Once again, officials in California are taking the law into their own hands. San Francisco Sheriff Vicki Hennessy and national law nonprofit Equal Justice Under Law have reached a settlement to eliminate the cash bail schedule in San Francisco.
The proposed agreement, filed Friday night before a holiday weekend, “’takes money out of the equation’ by allowing faster assessment of people charged with misdemeanors or nonviolent felonies so that they can be released without having to dig into their pockets to post bail, said San Francisco City Attorney Dennis Herrera,” the San Francisco Chronicle reported.
In short, Federal Judge Yvonne Gonzalez-Rogers, an Obama appointee in Oakland, ruled the bail schedule is unconstitutional because she says it is unfair for the poor languishing in jail pretrial because they cannot afford bail.
This is all part of the effort to eliminate the bail bonds industry in California.
As it was explained to me by several bail agents, the bail schedule is developed by judges in each county, which Judge Gonzalez-Rogers ruled is unfair to the poor thus the sheriff’s department will no longer be able to use (the new conditions are stated within ruling).
At a time when SFPD is short police officers and investigators, what this really amounts to is an announcement to all criminals “come to San Francisco and you will be released within hours.”
If anyone thinks San Francisco is a mess now with the highest property crimes in the country, it will only get worse when the no-bail system is in place. Bail agents warn that criminals will all know that this applies to San Francisco only so they will come to the City by the Bay to practice their crimes.
As California Globe explained in California Supreme Court Is Implementing Bail Reform Act Prior to 2020 Ballot Initiative, we see what has already taken place since the “experimental” Arnold Foundation algorithm tool has been used. Many expect that this will hasten the deterioration of San Francisco, and any other cities which adopt it.
California is testing out a system funded by the Laura and John Arnold Foundation, where bail is eliminated for so-called “low-level offenses.” In numerous California cities, a mathematical algorithm is to be used instead of using a judge. The Laura and John Arnold Foundation is testing this algorithmic pretrial risk assessment tool in 40 jurisdictions across the country, and 16 counties in California, and stands to make billions of dollars should their program be adopted by states.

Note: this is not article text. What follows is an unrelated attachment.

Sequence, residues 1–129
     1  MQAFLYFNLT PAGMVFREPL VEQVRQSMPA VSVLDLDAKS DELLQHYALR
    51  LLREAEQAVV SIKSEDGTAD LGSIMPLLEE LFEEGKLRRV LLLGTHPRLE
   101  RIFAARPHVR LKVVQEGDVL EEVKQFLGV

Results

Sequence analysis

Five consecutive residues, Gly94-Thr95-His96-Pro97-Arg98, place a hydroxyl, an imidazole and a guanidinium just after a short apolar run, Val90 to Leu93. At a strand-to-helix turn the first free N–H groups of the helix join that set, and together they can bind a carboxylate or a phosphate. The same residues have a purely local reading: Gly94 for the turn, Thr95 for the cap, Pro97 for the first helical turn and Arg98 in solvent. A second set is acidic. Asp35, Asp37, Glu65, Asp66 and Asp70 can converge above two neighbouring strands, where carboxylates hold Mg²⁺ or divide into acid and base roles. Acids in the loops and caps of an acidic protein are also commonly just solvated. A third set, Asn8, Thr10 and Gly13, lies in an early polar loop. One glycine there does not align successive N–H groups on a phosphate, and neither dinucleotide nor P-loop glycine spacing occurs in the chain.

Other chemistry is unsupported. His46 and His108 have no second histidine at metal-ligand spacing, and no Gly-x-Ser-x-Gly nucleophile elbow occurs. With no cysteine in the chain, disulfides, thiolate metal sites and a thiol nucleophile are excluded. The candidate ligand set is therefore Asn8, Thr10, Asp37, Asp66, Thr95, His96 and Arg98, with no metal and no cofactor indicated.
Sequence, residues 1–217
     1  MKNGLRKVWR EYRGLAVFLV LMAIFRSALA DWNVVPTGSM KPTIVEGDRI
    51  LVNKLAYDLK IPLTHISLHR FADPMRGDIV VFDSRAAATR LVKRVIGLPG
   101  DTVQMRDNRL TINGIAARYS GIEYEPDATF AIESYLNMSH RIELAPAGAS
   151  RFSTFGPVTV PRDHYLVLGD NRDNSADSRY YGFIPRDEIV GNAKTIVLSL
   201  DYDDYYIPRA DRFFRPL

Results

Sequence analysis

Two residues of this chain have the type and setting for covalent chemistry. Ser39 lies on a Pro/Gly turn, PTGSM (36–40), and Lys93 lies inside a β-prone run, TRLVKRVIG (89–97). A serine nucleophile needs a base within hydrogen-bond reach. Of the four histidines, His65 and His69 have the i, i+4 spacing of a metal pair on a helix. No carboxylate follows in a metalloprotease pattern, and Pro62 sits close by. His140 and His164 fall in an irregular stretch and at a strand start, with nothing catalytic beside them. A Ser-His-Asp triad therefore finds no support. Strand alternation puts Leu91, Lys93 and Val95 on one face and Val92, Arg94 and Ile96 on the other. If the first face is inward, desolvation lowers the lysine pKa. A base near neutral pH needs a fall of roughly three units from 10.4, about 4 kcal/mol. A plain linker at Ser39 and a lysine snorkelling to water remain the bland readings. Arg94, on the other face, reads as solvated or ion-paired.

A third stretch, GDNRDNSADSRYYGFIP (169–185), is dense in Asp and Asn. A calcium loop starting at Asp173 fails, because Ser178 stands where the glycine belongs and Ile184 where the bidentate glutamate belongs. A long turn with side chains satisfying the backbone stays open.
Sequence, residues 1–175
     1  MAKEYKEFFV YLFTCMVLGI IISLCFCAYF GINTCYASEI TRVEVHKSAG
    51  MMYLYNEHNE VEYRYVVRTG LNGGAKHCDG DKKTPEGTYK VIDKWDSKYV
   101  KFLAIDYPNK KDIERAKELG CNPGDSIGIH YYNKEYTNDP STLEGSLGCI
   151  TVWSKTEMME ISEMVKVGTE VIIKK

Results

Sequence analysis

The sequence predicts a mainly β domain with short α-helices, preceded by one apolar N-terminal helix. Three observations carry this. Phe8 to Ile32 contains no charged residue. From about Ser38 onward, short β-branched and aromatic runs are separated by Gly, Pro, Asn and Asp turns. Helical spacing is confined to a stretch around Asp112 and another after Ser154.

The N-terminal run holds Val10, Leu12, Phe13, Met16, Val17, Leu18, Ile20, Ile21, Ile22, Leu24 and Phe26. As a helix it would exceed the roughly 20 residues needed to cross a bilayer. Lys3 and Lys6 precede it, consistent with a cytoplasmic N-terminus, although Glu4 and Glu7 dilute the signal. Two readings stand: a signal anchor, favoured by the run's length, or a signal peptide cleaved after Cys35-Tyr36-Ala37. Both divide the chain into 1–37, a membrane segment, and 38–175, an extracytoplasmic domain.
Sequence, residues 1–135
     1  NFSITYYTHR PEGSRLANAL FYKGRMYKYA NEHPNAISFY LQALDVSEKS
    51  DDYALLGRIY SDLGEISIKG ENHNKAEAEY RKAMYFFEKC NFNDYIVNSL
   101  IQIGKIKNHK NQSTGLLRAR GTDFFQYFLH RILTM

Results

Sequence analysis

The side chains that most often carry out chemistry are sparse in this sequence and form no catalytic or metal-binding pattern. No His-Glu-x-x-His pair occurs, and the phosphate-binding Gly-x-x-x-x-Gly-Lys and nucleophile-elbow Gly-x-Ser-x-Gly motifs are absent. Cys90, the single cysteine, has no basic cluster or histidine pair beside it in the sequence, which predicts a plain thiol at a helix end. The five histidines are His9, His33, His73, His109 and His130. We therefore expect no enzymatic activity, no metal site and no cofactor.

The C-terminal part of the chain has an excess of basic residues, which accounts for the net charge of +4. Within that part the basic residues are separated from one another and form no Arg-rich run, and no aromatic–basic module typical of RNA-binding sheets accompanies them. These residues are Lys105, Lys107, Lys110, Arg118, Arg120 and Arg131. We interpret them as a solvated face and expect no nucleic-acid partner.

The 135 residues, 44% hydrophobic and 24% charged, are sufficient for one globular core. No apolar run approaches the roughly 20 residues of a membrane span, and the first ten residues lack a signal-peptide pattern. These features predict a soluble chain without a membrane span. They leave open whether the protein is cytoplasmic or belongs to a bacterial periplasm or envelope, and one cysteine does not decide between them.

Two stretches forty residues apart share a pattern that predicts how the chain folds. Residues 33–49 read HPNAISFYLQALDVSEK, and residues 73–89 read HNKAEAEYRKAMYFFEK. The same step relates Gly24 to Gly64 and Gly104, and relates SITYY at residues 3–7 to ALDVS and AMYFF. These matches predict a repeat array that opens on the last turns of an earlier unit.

While this case applies to San Francisco County only at this time, many anticipate it will set precedence for other counties to skirt the use of surety bail by enabling the use of the bail schedule.
- how can this Judge violate the Constitutional Rights of the arrestees who can afford and wish to post bond prior to seeing a Judge at arraignment?
- Won’t the defendant’s rights be violated?
- How much money will it take to have judges on duty to enable releases within the new time limits? Weekends, holidays, 24 hours a day?
- And who will be using the algorithm within those same time limits?
Here are a few examples of crimes committed by “low level” offenders in California, released under the pretrial risk assessment program. They were let out before seeing a judge, and before bail could be assigned:
- Illegal possession and transporting a machine gun
- Machine gun conversion
- Possession of a silencer
- Transportation of assault weapon
- Manufacture of an unsafe handgun
- Large capacity magazine activity
- Possession of a deadly weapon: short barrel rifle/shotgun
- Forcible rape
- Sodomy by use of force
- Lewd Act upon a child
- Human trafficking
- Sexual penetration with a foreign object
- Intent to transmit sexually transmitted disease
- False imprisonment
- Contributing to the delinquency of a minor
These pretrial risk assessment tools use data to forecast an individual’s likelihood of appearance at future court dates and/or risk of re-arrest.
A broad coalition of civil rights groups, warn, “these tools can defer the responsibility of determining who to detain pretrial and who to release. Furthermore, implementation of these tools has not curtailed the continued over-incarceration of people of color pretrial – people who should otherwise be legally entitled to due process of law before being torn away from their families, homes, and careers.”
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